Modelling the influence of weed competition on growth of juvenile Pinus radiata at a dryland site (2003)
AuthorsWatt, Michaelshow all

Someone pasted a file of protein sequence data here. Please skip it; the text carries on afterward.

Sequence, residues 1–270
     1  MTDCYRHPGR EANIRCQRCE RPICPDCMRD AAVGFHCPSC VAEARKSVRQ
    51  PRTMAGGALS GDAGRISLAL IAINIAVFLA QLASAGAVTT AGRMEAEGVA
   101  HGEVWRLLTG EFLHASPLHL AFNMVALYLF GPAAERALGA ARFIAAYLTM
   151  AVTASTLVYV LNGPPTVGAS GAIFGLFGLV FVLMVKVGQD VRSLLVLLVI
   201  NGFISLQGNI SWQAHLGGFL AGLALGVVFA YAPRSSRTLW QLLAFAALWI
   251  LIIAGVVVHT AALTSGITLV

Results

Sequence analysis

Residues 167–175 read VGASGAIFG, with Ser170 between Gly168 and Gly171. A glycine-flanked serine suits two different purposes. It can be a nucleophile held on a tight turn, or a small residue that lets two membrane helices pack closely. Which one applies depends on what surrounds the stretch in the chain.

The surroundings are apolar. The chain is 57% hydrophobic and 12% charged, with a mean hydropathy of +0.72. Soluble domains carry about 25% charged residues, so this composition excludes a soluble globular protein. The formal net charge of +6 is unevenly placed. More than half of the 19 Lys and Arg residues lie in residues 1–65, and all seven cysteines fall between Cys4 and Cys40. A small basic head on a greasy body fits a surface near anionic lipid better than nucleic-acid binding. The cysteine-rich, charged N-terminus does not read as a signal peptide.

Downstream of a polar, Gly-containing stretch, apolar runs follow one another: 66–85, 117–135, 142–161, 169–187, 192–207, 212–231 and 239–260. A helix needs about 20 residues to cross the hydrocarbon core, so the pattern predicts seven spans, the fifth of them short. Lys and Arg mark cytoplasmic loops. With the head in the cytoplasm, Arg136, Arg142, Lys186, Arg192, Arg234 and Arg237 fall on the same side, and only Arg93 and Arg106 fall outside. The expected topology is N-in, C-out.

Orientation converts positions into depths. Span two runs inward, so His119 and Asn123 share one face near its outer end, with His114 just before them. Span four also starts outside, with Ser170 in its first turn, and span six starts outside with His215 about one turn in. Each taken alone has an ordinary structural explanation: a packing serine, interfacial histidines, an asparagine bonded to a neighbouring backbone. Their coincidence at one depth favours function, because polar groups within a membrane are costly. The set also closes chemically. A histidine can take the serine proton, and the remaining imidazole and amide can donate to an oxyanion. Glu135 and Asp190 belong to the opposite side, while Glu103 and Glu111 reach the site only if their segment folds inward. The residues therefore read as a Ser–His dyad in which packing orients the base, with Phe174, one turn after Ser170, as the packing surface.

The reduction in growth of commercially grown conifers by weeds over the juvenile phase is an important management issue. This thesis investigates the mechanisms of interaction between juvenile Pinus radiata and the woody weed broom (Cytisus scoparius L.) at a dryland site, and uses this information to develop processbased models of tree growth, sensitive to competition from weeds. All the results presented in this thesis were taken from an experiment established on a drought prone site, located on the Canterbury Plains, New Zealand. Within the experiment a comprehensive and detailed set of measurements were taken from trees growing weedfree and with broom competition, from the beginning of the second year to the end of the third year after planting. The presence of broom severely retarded the growth of trees over the two year measurement period. Treatment differences in basal area, which became significant one month after measurements started, increased from six-fold at the end of the first year to 12-fold after two years. At the end of the second year, trees growing without broom were two-fold taller, and had a crown diameter four-fold greater than trees in plots with broom. Above-ground biomass was the most sensitive indicator of competition. Compared to trees in weed-free plots, above-ground biomass of trees in plots with broom was reduced by 25-fold after two years. During the first year, the strong link between predawn needle water potential, ѱe, and fractional biomass growth for trees in plots with broom (r²=0.91) suggests growth losses in this treatment were almost entirely attributable to seasonal water deficit. Although ѱe was also strongly related to fractional biomass growth, 𝑓b, over the second year (r²= 0.71), values of 𝑓b across a comparable range of ѱe, were on average 15% lower than during the first year. Inclusion of a simple shading index explained this difference, suggesting broom restricted tree growth during the second year through competition for both light and water. Nitrogen fixation by broom, and the extent of fixed nitrogen transfer to Pinus radiata was assessed from measurements of the natural abundance of the ¹⁵N isotope, 𝛿¹⁵N. Values of 𝛿¹⁵N were highest in Pinus radiata growing without broom, intermediate in Pinus radiata growing with broom, and lowest in field grown broom. Broom was an effective fixer, deriving 81 % of nitrogen in above-ground tissues from the atmosphere, which was equivalent to 111 kg N ha⁻¹ yr⁻¹. The intermediate values of 𝛿¹⁵N found for trees growing with broom suggest that there was some transfer of fixed nitrogen from the broom to the Pinus radiata. However as soil uptake by the broom (29 kg N ha⁻¹ yr⁻¹) considerably exceeded estimated rates of nitrogen transfer (2 kg N ha⁻¹ yr⁻¹) growth of trees was not enhanced by this recycling of fixed nitrogen. Compared with Pinus radiata in weed-free plots, trees growing with broom allocated dry matter preferentially to stems (+8%) at the expense of foliage (-4%), roots (-2%) and branches (-2%). These findings on allocation confirm derivations based on pipe model theory and indicate that the root to shoot ratio in juvenile Pinus radiata remains relatively stable even under severe water deficit. A water balance model was developed to partition water loss and explain treatment differences in tree basal area growth, over the first year. In both treatments, modelled root-zone water storage (W) corresponded closely to measured values over the course of the year. Total annual evaporation in the treatment with broom was 25% higher than that for the treatment without broom. This higher rate was primarily due to wet canopy evaporation from the broom and, to a lesser extent, from increased rates of total transpiration within this treatment. The integral of root-zone water deficit was strongly related to fractional basal area growth of trees in plots with broom. These findings highlight the importance of root-zone water storage in regulating productivity on dryland sites and indicate that water balance modelling provides a useful approach for predicting the influence of weed competition on tree growth. A generally applicable model of juvenile tree growth was developed and tested at this dryland site. This model predicts tree growth by reducing growth from an empirically determined optimum rate (weed-free) using a seasonally estimated competition modifier, which accounts for the degree of weed competition for both water and light. Test results showed good correspondence between measured and predicted tree diameter growth in treatments with and without broom, over the two year period. As this model was developed using process-based modifiers for water and light it is applicable to sites covering a wide range of climatic and edaphic conditions.